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Shirin Sadikot in Mohali

We’ll come back stronger next year: Adil

Wolves’ upcoming pacer says he and the team are richer with CLT20 experience

Ehsan Adil is the latest product of Pakistan’s prolific fast-bowling factory. A lanky right-arm pacer, Adil played his first Test while still a teenager – in February 2013, against South Africa in Centurion – after playing only 12 first-class matches.

A dream first-class debut season – he picked 54 wickets at 18 – followed a successful Super Eight T20 Cup in which he bowled Faisalabad Wolves to the title with tournament-highest 12 wickets at 12.6 in five matches. It also earned them a chance to have a taste of the Champions League T20, in the Qualifiers.

Although the Wolves could not make it to the Group Stage after losing their first two matches, Adil delivered them their final hurrah with figures of 3/26 in four overs against the Kandurata Maroons. After his team’s 10-run win in their final CLT20 2013 match, the young pacer said that he was rich for the experience.

“Although very short, this was a very big experience for me as an upcoming cricketer,” he told clt20.com. “I did well at the domestic level in Pakistan and everyone had lots of hopes pinned on me. Unfortunately, I could only deliver in our last match. But it was very important for us to win at least one match before going home and I am glad I could play my part in achieving that,” he said.

A major reason for the Wolves’ subpar showing in the Qualifying stage was the lack of runs from the blades of their batsmen, barring Misbah-ul-Haq. While the skipper scored 195 runs in three matches, the rest of the team could manage only 180. Adil said that inexperience in the batting lineup hurt the team.

“We had only one international batsman in Misbah Bhai. All our other batsmen were young and inexperienced. They tried their best, but in a tournament like this experience plays an important part,” he said, adding that the team also took time to come to terms with the pace and magnitude of the tournament.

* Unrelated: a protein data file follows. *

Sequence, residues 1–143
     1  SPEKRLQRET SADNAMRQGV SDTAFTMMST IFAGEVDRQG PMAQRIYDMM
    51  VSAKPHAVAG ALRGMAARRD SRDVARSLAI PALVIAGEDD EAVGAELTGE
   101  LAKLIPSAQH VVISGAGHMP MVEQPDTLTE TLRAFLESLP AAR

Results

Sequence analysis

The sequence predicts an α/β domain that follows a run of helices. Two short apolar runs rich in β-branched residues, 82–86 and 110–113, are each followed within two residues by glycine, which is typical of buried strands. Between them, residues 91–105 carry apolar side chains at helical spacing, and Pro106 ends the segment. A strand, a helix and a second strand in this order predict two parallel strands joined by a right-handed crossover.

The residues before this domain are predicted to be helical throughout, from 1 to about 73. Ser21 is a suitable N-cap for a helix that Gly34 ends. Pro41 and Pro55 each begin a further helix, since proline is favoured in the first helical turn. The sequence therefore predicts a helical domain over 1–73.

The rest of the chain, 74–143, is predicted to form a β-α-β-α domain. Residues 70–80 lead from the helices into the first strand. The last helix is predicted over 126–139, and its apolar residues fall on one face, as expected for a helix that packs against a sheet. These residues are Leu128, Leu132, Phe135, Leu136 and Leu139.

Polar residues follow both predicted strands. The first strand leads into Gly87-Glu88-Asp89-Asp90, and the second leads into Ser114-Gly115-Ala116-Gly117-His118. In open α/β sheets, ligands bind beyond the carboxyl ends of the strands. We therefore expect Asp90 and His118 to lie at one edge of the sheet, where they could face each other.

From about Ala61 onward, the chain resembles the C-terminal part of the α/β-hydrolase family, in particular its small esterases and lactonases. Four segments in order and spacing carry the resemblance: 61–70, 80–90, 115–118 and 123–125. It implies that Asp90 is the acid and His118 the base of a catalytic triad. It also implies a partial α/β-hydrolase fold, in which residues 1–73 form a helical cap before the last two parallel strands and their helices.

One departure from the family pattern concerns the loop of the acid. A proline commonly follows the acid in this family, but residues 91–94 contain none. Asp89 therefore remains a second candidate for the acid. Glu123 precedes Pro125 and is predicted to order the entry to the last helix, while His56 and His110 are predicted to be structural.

“This was our first time in such a tournament and we couldn’t understand what to do in the first couple of matches. But as a team, this was a very enriching experience and hopefully, we will come back next year as Pakistan’s T20 champions.”

For the youngster, personally, it was a learning curve he is grateful for. “For me, although I have some international cricket experience, in this tournament I got a better idea of how to bowl to the likes of Shikhar Dhawan and Brendon McCullum under pressure.

“This was my first time to India and the whole atmosphere was just like that in Pakistan. The wicket here in Mohali was pace-friendly and the crowd was also good,” he said.

The 20-year-old thanked and credited his Pakistan and Wolves captain, Misbah, for helping him become a better bowler with each match.
“One thing that Misbah Bhai keeps telling me, in nets and in the match, is to be disciplined with my line and length. I have played all my international cricket so far – two ODIs and a Test – under him and 50 percent of whatever success I’ve had is because of him. He gives his players so much confidence that even ordinary bowlers will step up and deliver.”

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